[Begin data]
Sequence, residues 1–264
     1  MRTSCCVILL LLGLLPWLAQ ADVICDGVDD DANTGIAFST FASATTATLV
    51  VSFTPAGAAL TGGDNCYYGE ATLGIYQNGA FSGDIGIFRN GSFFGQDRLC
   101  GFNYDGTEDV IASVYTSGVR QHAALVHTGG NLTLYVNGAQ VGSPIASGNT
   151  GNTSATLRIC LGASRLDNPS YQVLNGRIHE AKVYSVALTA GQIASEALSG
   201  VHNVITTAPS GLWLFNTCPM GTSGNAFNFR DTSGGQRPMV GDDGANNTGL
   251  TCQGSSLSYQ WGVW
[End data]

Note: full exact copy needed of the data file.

Sequence, residues 1–264
     1  MRTSCCVILL LLGLLPWLAQ ADVICDGVDD DANTGIAFST FASATTATLV
    51  VSFTPAGAAL TGGDNCYYGE ATLGIYQNGA FSGDIGIFRN GSFFGQDRLC
   101  GFNYDGTEDV IASVYTSGVR QHAALVHTGG NLTLYVNGAQ VGSPIASGNT
   151  GNTSATLRIC LGASRLDNPS YQVLNGRIHE AKVYSVALTA GQIASEALSG
   201  VHNVITTAPS GLWLFNTCPM GTSGNAFNFR DTSGGQRPMV GDDGANNTGL
   251  TCQGSSLSYQ WGVW